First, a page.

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From Jonathan Gallimore <>
Subject Re: AW: Using XDoclet to generate openejb-jar.xml
Date Fri, 24 Aug 2007 16:34:16 GMT
Thanks for the feedback. I'm still using EJB 2, and haven't used EJB 3 
before. My new EJB 3 book is on its way from Amazon.

It sounds like what I've done for generating a deployment descriptor for 
EJB 2 is unlikely to be useful to people using EJB 3, and perhaps any 
kind of deployment descriptor generator is unnecessary to those people?

I'm sure I can convince people at work that we need to move to EJB 3, if 
that's what's recommended.

I'm still planning on doing more work the XDoclet plugin, just hoping 
for some spare time when the day job isn't getting in the way ;-)


David Blevins wrote:
> On Aug 24, 2007, at 7:57 AM, Ueberbach, Michael wrote:
>> Hello,
>> I followed the discussion about using XDoclet with great interest. I 
>> have been using XDoclet for the last four years to generate EJB 
>> applications and it has been very usefull all the time. But meanwhile 
>> (since EJB 3) I think the situation has changed dramatically. Most of 
>> what I have done with XDoclet (creating local or remote interfaces, 
>> utility classes, homefinder classes, value objects and so on) isn't 
>> neccessary anymore. There is also no more need for generating any 
>> large deployment descriptor!
>> After converting my old EJB 2 projects to EJB 3 there remain only two 
>> artefacts that still have to be build: A very little persistence.xml 
>> and a deployment plan for geronimo. What is important for the last 
>> one is, that there are no cmp entries to be made inside the 
>> openejb-jar.xml because this can all be done by annotations inside 
>> the bean code. The only important entries made in the deployment plan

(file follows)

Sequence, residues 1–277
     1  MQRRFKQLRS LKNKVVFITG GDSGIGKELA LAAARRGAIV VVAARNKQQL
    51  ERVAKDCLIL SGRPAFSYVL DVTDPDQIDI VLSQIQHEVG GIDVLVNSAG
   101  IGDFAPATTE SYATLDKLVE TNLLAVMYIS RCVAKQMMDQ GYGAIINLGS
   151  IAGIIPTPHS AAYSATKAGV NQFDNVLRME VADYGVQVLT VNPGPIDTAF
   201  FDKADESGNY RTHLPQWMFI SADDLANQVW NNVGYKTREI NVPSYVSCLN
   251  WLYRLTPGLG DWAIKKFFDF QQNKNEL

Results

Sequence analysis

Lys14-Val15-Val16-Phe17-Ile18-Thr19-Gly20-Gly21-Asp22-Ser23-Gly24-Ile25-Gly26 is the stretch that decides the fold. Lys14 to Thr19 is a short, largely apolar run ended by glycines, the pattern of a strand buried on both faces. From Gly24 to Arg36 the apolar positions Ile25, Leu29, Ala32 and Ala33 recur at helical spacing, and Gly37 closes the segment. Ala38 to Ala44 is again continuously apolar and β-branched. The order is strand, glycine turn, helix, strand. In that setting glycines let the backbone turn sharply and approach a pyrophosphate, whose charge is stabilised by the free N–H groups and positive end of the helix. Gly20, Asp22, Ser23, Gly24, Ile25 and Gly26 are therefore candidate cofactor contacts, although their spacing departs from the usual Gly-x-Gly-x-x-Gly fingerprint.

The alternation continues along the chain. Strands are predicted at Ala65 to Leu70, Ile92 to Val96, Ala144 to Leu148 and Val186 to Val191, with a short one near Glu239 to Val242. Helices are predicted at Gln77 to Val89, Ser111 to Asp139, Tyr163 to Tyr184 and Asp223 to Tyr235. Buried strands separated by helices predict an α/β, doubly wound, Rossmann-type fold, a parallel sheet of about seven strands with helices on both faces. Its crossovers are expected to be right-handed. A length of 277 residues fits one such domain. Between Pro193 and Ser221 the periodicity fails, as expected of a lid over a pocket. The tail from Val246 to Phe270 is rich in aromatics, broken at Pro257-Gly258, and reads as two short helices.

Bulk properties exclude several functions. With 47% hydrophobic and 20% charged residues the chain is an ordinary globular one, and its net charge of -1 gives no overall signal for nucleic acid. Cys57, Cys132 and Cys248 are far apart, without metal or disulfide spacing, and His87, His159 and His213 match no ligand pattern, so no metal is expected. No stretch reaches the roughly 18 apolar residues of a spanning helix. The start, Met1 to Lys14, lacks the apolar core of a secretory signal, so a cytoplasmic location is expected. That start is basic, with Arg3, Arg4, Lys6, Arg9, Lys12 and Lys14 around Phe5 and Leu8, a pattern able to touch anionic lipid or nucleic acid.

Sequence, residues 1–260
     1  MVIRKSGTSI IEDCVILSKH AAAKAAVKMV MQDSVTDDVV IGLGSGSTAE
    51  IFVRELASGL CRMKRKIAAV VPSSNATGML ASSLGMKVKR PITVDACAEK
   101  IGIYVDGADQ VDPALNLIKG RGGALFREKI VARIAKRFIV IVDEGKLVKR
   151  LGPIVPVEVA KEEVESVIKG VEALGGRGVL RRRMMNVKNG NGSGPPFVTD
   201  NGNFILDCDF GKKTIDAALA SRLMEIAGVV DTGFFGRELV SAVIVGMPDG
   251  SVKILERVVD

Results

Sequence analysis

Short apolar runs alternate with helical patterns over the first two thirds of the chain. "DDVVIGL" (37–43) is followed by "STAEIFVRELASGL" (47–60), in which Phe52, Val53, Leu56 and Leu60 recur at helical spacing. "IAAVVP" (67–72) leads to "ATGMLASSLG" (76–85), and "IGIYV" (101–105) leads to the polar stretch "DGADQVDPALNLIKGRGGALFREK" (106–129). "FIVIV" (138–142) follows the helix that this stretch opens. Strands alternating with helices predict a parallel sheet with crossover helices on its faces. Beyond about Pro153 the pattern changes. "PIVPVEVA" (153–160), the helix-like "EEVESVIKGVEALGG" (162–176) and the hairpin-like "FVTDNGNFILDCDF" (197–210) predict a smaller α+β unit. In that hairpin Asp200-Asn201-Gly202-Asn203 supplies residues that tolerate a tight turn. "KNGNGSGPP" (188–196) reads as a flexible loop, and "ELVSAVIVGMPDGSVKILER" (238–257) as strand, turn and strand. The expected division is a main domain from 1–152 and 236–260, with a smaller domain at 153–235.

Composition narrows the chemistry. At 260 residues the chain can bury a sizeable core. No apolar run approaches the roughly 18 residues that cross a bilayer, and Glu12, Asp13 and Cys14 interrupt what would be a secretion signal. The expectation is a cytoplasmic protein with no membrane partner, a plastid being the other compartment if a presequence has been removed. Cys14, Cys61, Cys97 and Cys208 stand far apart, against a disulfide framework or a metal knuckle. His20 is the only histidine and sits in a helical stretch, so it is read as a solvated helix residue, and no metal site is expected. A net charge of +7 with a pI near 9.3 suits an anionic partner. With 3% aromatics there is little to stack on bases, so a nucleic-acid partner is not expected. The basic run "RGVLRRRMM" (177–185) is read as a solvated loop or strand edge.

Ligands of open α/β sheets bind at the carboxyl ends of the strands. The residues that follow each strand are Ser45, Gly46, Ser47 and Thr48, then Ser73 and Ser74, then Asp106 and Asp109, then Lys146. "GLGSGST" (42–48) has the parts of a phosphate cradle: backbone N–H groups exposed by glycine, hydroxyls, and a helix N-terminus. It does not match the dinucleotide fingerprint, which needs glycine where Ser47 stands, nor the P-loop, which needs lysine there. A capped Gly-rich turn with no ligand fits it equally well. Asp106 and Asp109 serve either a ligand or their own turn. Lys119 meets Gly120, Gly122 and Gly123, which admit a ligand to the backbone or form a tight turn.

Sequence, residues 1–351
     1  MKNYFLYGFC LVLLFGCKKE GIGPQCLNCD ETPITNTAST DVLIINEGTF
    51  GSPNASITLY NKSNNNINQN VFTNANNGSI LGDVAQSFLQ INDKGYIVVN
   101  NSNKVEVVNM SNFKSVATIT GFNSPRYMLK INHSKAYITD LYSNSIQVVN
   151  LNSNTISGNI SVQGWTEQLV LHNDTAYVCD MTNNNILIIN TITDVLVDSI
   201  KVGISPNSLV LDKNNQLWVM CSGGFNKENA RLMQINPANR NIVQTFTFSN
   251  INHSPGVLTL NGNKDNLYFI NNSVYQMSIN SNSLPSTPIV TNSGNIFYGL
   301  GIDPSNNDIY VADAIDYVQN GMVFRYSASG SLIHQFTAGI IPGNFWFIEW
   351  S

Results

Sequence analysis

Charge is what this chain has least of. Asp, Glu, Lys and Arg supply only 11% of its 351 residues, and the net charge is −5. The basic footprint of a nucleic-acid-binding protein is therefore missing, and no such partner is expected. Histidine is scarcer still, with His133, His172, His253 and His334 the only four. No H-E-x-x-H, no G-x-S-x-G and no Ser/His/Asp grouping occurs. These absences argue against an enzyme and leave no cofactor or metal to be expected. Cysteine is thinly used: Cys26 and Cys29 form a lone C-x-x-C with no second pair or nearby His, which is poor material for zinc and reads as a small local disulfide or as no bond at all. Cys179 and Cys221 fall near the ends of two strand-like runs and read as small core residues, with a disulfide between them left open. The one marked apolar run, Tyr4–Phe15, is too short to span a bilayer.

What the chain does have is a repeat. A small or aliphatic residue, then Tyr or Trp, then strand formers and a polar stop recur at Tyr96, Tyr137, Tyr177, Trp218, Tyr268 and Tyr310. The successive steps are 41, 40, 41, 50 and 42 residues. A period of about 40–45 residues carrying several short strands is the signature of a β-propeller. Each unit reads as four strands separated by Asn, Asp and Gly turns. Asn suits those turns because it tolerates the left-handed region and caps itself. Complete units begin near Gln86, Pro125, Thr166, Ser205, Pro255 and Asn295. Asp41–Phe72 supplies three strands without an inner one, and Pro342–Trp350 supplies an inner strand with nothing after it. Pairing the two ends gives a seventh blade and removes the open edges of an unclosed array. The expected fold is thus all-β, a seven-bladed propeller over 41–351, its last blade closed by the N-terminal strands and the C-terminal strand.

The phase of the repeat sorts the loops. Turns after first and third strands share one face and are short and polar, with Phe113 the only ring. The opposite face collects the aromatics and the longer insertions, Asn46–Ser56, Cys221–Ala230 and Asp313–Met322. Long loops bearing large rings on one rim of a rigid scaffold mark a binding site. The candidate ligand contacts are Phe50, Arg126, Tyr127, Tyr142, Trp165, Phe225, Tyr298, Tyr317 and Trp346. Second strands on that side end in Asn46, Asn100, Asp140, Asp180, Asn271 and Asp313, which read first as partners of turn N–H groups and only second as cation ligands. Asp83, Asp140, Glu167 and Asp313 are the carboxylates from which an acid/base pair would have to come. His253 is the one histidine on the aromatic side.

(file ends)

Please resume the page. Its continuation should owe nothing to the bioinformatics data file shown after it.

>> are some dependencies to special libs. So I wonder what XDoclet 
>> really can do in this case?
>> Probably it was the great success of XDoclet that lead to the 
>> annotation concept of EJB 3 and in consequence made XDoclet less 
>> usefull (only for this kind of code generation naturally).
>> I'm interested to hear other opinions on this item.
> I think you captured the spirit of the new EJB 3.0 annotations pretty 
> well.  In fact, internally we read in all the annotations and use them 
> to create or update your ejb-jar.xml (ala a nice jaxb tree) in memory 
> which we then use to deploy your app.
> -David
>> regards
>> Michael
>> Von: Jonathan Gallimore []
>> Gesendet: Dienstag, 21. August 2007 15:39
>> An:
>> Betreff: Re: Using XDoclet to generate openejb-jar.xml
>> Hi Erik,
>> At the moment, I'm part way through getting our applications working 
>> on Geronimo / Websphere-CE. We basically have two applications - our 
>> core application which is used for building publications, and another 
>> app that acts as a asset management system, and integrates with our 
>> core app using JMS. The first one of the two is now up and running on 
>> a Websphere-CE server, and hasn't really taken much to get it working 
>> at all.
>> Largely all I needed the J2G tool to do was create some new 
>> deployment descriptors, which it did without any real problems. I 
>> needed to add some EJB refs to my geronimo-web.xml, and I needed to 
>> create a jms-resource-plan.xml myself. At first glance it didn't 
>> appear to generate much in the way of <message-driven> elements and I 
>> was a fair way through creating a patch to generate what I could from 
>> ejb-jar.xml and then I realised there was some code to do it from